Village considers drainage issues
Culverts could divert water away from yard
Lucille Whipple knew her house sat in a low spot in Brady when she and her late husband Eugene “Junior” Whipple moved there nearly 50 years ago.
She’s had water problems in the basement of her house on the corner of Commercial and Matthewson streets more than once but nothing like she has experienced over the past couple of years.
“I have a horrible mess in there again, with about this much silt everywhere,” Whipple said, holding her fingers about two inches apart.
Heavy rains this spring and summer have caused wash-outs down Norris Court and Harrison Street, forming a virtual lake in Whipple’s yard.
The runoff collects there, Whipple said, because the village has not provided another place for it to drain.
Whipple addressed the village board of trustees during their regular monthly meeting on Aug. 12.
She said nothing has been done since she brought the issue to the board’s attention more than a year ago.
Trustees have discussed drainage issues several times.
In March 2008, the village turned down a possible Community Development Block Grant that would have helped pay for storm sewer drains in the area of Whipple’s house.
Matching funds of $30,000 or more would have strained the village budget too much, trustees said.
In August 2008, the board again discussed possible solutions to the drainage issue using culverts but the project never got off the ground.
Village road superintendent Carla O’Dell told trustees last week the situation is worse than even she had realized.
O’Dell said runoff is washing gullies across Commercial Street on its way downhill.
O’Dell suggested installing two culverts north to south across Commercial Street and another across Matthewson to meet the state’s drainage ditch on Highway 30.
She also said a ditch along Matthewson and crowning on the street would help eliminate the problems.
Whipple said if the village would put a ditch along the street, she would plant grass and maintain the area to prevent further erosion.
O’Dell told the board it would cost roughly $5,000 to install the culverts and excavate the ditch.
“If it isn’t fixed this year, let me tell you,” Whipple said, “you’re going to be paying a lawyer on top of it.”
Board member Jeff Miller promised to get started right away.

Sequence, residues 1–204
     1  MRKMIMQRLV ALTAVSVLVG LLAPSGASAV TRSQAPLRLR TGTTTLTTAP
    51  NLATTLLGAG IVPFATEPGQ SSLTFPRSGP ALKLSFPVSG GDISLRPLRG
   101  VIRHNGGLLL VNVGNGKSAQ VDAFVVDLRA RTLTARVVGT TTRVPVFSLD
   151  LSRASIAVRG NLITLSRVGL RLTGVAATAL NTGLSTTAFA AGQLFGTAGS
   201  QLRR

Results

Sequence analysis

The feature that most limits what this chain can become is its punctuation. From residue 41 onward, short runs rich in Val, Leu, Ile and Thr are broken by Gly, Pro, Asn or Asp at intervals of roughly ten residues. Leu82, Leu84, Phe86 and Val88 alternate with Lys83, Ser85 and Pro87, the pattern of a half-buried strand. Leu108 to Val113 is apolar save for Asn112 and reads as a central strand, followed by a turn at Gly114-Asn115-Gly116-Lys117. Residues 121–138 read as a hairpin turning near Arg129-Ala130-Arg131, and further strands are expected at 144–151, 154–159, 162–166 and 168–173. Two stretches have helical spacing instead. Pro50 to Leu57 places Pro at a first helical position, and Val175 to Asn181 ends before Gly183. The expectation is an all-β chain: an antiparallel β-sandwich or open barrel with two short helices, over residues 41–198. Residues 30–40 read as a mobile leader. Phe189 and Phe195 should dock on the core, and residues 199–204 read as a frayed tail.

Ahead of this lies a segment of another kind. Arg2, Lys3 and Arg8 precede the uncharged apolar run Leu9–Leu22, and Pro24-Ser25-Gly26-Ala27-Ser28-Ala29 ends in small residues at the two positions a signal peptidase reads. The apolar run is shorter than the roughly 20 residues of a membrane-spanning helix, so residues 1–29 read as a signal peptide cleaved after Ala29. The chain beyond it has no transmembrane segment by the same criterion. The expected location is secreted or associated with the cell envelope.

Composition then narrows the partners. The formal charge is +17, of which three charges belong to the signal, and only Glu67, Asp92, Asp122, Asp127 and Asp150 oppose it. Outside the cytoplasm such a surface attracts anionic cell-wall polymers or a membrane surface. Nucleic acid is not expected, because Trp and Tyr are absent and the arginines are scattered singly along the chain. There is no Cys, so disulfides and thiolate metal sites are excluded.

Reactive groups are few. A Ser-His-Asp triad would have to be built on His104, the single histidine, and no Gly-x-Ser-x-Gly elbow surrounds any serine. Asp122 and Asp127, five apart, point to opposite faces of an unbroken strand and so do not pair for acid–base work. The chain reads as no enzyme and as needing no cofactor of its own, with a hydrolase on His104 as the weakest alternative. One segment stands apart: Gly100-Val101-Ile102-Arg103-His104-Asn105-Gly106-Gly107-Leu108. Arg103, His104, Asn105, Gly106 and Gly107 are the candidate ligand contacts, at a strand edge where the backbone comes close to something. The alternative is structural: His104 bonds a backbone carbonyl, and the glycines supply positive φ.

“We’re going to fix it one way or another,” Miller said.
In other business, the village board approved temporary keno and liquor licenses in Dale Hansen’s name.
Hansen and his daughter Rhonda Hansen are taking over the lease at Shelle’s Place and need temporary license approval until the state issues a permanent one.
The Hansens will call the restaurant the Feed Bunk. They opened the business on Tuesday.
Rhonda Hansen told the trustees she would like to install a sidewalk cafe area outside the building where customers could eat meals as well as be allowed to smoke.
Trustees referred her to the planning and zoning board.
In other action, trustees:
- learned the village is pursuing a grant through the Union Pacific Foundation for money to purchase playground equipment for a south-side park.
- listened to a presentation by North Platte resident Robert Killham. The Lincoln County native encouraged board members to consider voting for a change from three county commissioners to five commissioners for better representation.
- heard a report from library board member Dee Ann Birkel including positive comments she received about the summer reading program led by Jeanene Lusk and the historical display during Brady Days.
- Training for emergency preparedness
- Gothenburg FFA members compete at state fair
- Learning to adapt to change
- City Council sets tax request and levy for 2016-17
- Cornhusking contest returns to Harvest Festival after 17 year absence
- Summer evening bike ride goes wrong
- New hospital safety ratings now available to the public
- Mentees, others share value of TeamMates